Sometimes a breakfast sandwich becomes more valuable as a late-night snack.EXPAND
Sometimes a breakfast sandwich becomes more valuable as a late-night snack.
Mark Antonation

Last Call for Alcohol — and This Egg-cellent Breakfast Sandwich

A couple of years ago, Steven Waters was a partner in the Capitol Hill outpost of Black Eye Coffee, where hip young denizens of the neighborhood sipped fourth-wave coffee (don't ask us; we're still getting jittery on first-wave diner java) in a posh art-deco setting. A peek in through the breezy open window fronting East Eighth  Avenue, though, revealed more folks absorbed in their mobile devices than in spending money on food and drink, so Black Eye (and its nighttime counterpart, White Lies) closed up shop in late 2017.

Now Waters has launched a new project, Run for the Roses, in a subterranean space beneath the Dairy Block in LoDo, where it out-cools Black Eye while capturing some of that spot's early-twentieth-century panache. While classic cocktails are the draw here, one item made the jump from Black Eye — and from breakfast to late-night snack.

At the old coffee shop, a $10 breakfast sandwich seemed like an extravagance a notch or two above the means of the Cap Hill clientele. The Jack Broughton (named for a bare-knuckle boxer) was made with a poached egg, a hash-brown patty, both bacon and sausage (courtesy of Western Daughters Butcher Shoppe), and a smear of sriracha ketchup, all on a fancy brioche bun. It may have cost Black Eye a pretty penny to assemble, but at the end of the day, it was still just a breakfast sandwich.

But glance at the ticking clock just before last call on a Friday night, when the booze coursing through your veins commands you to procure food at whatever cost, and a $10 breakfast sandwich isn't daunting — it's all but obligatory, especially when you look around and everyone but you is licking golden yolk from their fingertips while devouring sandos wrapped in red-checkered paper.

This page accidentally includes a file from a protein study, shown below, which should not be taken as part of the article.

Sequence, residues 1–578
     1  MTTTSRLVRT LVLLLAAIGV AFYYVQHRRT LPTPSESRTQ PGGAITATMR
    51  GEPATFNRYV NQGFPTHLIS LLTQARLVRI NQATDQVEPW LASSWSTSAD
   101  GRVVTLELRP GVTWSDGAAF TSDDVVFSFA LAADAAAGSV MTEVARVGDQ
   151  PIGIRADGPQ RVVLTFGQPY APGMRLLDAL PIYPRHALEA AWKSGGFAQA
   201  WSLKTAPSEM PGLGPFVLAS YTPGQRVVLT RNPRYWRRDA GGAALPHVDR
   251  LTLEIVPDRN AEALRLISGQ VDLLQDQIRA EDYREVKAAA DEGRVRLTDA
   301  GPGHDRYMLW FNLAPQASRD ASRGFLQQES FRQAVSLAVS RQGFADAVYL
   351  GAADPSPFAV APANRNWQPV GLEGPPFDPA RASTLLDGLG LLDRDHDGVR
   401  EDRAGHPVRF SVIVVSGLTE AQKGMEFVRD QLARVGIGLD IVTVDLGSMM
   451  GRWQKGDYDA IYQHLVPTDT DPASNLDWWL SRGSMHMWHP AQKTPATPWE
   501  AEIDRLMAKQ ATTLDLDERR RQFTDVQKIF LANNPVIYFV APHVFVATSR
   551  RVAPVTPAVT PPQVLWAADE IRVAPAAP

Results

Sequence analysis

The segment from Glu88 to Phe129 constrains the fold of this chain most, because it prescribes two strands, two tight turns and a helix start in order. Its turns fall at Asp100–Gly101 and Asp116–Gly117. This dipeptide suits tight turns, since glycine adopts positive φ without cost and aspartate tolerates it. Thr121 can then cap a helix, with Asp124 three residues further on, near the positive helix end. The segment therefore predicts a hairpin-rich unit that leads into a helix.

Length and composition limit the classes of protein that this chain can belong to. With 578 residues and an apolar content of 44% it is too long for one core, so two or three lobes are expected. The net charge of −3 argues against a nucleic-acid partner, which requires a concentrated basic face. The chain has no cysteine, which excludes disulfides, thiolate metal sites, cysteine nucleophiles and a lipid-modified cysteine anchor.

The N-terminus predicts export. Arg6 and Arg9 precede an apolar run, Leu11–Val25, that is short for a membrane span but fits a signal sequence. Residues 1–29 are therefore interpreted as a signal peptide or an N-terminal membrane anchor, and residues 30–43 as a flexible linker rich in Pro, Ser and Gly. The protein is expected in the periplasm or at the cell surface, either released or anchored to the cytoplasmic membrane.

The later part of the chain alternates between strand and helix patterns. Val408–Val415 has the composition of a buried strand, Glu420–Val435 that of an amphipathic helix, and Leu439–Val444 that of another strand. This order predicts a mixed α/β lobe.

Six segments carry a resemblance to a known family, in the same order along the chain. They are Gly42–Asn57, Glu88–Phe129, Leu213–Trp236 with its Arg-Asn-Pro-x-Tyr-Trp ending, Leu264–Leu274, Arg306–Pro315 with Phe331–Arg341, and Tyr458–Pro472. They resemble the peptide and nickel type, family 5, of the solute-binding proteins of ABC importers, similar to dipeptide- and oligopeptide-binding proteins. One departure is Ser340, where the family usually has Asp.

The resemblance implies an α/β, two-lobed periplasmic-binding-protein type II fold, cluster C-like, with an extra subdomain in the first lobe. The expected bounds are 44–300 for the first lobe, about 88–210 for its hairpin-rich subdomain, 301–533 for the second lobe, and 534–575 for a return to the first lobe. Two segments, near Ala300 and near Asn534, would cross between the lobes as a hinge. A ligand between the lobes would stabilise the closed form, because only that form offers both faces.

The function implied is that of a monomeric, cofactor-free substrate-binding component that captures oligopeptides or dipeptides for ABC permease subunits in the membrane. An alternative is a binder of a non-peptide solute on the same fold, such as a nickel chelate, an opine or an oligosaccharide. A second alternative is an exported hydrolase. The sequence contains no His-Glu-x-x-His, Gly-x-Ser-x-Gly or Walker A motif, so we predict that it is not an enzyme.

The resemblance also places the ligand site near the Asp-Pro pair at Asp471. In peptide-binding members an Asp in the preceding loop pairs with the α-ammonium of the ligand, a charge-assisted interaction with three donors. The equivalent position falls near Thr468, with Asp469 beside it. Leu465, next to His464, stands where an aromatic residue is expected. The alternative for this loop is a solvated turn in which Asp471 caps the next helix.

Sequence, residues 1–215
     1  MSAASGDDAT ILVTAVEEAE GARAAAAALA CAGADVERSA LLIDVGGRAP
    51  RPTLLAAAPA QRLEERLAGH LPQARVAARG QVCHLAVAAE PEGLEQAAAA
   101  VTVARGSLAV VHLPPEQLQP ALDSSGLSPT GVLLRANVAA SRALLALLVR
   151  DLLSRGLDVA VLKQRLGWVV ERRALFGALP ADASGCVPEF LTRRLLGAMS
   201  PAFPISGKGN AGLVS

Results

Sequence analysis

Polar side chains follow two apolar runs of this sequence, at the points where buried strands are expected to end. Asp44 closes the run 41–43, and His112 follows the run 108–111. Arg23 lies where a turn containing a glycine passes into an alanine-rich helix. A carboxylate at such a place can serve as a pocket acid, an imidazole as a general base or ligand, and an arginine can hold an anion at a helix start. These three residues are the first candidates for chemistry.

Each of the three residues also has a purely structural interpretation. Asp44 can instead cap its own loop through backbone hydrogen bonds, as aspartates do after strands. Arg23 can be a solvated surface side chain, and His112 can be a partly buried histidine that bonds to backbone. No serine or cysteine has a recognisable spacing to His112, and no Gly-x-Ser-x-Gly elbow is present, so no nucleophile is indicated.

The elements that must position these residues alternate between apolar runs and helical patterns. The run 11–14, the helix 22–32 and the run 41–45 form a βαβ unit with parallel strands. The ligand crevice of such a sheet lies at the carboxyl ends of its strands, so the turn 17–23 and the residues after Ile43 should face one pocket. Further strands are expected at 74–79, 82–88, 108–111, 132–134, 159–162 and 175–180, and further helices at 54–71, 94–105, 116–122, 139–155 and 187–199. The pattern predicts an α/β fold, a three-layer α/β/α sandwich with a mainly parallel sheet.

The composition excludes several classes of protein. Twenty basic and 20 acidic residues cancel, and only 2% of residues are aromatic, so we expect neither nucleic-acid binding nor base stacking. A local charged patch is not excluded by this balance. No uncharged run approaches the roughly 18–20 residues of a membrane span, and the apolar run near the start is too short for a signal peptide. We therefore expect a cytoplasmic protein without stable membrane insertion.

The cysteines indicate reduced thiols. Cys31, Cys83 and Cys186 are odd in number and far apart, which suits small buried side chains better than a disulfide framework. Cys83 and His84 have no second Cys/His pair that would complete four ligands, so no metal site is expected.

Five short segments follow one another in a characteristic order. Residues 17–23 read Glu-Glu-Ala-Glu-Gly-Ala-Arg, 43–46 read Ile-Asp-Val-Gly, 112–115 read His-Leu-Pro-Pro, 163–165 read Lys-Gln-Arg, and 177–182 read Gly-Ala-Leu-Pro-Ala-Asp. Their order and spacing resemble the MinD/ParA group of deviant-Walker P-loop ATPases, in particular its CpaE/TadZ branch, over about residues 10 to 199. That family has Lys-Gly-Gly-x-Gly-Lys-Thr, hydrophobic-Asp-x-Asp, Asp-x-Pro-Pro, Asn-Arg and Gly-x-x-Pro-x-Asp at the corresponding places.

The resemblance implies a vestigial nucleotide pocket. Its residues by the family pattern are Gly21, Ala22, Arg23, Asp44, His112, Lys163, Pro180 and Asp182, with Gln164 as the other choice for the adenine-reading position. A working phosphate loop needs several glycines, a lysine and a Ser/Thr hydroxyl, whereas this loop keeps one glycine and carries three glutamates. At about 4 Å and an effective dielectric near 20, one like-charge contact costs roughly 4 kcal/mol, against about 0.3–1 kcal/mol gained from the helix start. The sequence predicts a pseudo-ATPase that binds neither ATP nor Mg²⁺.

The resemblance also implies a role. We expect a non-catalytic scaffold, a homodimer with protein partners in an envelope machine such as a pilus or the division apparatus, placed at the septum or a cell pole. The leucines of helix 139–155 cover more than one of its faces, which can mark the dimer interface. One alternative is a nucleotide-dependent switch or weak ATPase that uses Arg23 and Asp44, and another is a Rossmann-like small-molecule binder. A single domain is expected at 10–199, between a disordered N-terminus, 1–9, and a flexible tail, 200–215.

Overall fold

The old $10 breakfast sandwich packed a punch at Black Eye Coffee.
The old $10 breakfast sandwich packed a punch at Black Eye Coffee.
Mark Antonation

The new version of Waters's eggy masterpiece is called simply the Breakfast Sammy, and it's still packed with meaty goodness from Western Daughters. But here the butcher shop's pork is transformed into a house version of Spam — spiced, cured and slow-cooked into sublime rounds. The rest of the sandwich is simple: a runny egg, two slices of American cheese and sambal ketchup (because sriracha is so last year), all on a Martin's potato roll, the squishy summit of the species. But there's not much of a kitchen at Run for the Roses, so Waters had to improvise; your Breakfast Sammy will be cooked in a dual-bay Hamilton Beach breakfast sandwich machine, an odd contraption (the kind you might see in an infomercial) that cooks the egg, melts the cheese and grills the bun to crusty perfection all at once.

Run for the Roses comes with a host of other curious contrivances: a cocktail menu printed on a deck of cards, a multi-volume encyclopedia of mixed drinks in which you're encouraged to add your own notes, and a "Road to Riches" membership program for $300 a year that includes your own lock box stocked with a secret surprise each month. Compared to that, $10 for a moment of inebriated bliss doesn't seem so bad.

Run for the Roses is located at 1801 Blake Street and is open Thursday through Sunday from 5 p.m. to 2 a.m. Follow the signs in the Alley at the Dairy Block to find your way to the bar, then get a little egg on your face.

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